Posted by **kaley** on Thursday, March 1, 2012 at 10:27pm.

find all the zeros of the polynomial function

F(x)= x^4+4x^3-6x^2-36x-27

- Algebra 2 -
**drwls**, Thursday, March 1, 2012 at 11:02pm
There are websites that solve such root-finding questions automatically, but they are not very instructive.

If there are integer roots, they must be even divisors of 27: +/- 1, 3, 9 or 27.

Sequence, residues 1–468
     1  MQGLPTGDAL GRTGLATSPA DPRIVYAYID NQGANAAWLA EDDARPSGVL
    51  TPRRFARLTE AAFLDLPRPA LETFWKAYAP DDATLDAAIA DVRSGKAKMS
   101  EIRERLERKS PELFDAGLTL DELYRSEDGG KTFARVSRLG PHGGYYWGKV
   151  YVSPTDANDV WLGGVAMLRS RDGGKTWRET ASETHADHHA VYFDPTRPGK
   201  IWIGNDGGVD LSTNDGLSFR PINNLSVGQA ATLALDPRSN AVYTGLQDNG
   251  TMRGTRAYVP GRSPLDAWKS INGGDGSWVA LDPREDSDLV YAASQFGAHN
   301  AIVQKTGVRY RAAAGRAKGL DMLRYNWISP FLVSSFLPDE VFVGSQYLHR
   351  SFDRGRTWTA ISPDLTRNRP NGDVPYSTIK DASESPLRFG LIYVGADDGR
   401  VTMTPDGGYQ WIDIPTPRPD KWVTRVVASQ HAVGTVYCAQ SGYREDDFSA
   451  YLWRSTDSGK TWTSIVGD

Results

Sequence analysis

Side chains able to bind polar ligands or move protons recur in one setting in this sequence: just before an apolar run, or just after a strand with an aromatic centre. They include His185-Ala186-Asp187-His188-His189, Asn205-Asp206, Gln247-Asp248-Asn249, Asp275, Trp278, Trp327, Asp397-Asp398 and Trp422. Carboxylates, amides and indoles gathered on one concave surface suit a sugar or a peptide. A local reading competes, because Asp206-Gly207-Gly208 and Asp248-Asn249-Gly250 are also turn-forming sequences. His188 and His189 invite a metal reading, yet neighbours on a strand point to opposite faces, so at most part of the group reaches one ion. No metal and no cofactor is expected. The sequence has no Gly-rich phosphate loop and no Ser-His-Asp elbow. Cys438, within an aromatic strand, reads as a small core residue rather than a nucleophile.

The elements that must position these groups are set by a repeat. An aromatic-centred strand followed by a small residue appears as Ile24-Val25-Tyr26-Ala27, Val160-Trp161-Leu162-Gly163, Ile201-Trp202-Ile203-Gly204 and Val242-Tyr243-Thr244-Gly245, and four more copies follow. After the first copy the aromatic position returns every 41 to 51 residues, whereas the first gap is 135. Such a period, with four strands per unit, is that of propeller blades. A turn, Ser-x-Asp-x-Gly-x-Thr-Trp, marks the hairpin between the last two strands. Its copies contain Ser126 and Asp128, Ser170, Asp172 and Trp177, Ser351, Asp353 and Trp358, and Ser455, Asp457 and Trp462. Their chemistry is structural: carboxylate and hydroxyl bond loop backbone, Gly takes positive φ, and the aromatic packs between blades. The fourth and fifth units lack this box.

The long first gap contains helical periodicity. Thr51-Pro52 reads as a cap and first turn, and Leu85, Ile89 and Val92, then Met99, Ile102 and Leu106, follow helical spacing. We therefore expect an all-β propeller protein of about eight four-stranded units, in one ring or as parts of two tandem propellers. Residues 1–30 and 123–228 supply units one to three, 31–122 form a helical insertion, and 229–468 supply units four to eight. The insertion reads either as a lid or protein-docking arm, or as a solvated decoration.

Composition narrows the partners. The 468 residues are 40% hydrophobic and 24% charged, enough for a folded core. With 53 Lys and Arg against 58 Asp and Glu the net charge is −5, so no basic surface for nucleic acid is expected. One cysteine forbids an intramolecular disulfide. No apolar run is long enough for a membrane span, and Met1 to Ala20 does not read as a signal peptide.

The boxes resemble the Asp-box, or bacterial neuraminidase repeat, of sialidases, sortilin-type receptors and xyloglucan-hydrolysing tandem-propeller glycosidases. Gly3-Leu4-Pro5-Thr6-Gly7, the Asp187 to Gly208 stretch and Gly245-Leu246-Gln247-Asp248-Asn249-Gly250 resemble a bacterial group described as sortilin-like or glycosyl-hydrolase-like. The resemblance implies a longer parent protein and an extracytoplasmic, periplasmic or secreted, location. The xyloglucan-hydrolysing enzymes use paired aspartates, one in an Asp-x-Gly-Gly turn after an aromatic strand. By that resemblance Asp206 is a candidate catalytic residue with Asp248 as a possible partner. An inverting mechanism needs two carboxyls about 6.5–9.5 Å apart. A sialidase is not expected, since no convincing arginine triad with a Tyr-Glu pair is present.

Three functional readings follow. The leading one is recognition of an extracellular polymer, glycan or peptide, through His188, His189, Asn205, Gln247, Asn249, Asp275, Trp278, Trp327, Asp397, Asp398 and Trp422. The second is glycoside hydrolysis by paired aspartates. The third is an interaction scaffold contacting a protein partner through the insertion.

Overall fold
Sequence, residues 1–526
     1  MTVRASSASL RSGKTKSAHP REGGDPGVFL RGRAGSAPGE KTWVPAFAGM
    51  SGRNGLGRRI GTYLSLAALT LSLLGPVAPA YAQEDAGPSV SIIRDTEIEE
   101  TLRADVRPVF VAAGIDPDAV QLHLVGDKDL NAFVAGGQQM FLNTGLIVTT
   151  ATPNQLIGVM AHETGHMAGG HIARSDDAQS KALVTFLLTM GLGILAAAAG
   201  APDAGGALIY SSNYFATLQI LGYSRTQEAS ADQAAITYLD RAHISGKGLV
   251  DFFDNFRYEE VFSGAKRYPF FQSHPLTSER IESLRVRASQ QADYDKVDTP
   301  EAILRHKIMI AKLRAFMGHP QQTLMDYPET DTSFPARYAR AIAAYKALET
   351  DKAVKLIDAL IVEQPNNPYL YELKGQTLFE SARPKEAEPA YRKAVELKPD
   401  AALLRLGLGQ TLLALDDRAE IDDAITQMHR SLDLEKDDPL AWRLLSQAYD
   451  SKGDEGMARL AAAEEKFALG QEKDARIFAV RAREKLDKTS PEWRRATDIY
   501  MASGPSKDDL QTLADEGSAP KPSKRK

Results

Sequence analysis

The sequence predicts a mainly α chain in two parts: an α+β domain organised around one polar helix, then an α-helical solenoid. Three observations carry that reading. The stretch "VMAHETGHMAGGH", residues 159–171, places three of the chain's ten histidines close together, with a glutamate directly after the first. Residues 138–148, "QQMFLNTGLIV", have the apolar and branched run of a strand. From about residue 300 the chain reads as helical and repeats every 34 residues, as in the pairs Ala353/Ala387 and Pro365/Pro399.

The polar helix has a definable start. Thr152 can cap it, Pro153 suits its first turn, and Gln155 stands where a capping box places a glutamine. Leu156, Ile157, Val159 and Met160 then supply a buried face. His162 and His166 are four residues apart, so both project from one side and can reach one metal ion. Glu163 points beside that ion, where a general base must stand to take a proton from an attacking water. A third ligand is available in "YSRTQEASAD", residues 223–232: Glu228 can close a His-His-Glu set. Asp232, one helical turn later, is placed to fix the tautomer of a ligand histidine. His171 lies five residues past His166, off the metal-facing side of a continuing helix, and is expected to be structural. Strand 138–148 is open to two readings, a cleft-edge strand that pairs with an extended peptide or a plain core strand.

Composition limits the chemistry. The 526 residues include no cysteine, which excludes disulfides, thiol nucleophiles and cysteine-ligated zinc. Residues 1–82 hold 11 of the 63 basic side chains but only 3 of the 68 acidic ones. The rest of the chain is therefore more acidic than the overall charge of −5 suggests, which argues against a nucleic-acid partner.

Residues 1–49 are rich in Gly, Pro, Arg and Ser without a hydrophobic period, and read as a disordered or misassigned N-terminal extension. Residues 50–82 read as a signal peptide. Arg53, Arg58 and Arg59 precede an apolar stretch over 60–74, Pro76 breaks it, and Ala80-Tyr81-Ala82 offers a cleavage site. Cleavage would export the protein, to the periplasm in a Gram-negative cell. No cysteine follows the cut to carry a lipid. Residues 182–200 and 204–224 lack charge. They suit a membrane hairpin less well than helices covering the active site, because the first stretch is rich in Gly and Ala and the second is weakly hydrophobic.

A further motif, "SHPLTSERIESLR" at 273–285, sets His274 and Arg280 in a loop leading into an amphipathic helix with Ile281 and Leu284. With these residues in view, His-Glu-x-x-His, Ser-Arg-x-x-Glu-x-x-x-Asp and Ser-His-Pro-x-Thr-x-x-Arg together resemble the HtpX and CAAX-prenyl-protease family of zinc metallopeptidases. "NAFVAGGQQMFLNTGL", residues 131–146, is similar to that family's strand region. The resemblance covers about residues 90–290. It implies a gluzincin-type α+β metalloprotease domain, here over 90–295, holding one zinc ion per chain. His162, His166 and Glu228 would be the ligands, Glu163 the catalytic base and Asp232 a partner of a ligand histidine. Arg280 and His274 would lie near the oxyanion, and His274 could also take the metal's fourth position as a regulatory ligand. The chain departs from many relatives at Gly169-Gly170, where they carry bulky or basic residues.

That is a consequence of the "rational roots theorem", which you should learn.

One such root is -1, so x+1 is a factor.

The other factor is

(x^4+4x^3-6x^2-36x-27)/(x+1)

= x^3 +3x^2 -9x -27

(obtained with polynomial long division)

x = 3 is clearly another root, so (x-3) is another factor. Divide the cubic by (x-3) and you get

x^2 + 6x +9 = 0

which can be factored to give

(x+3)^2 = 0

That means x = -3 is a double root.

The roots are -3, +3 and -1

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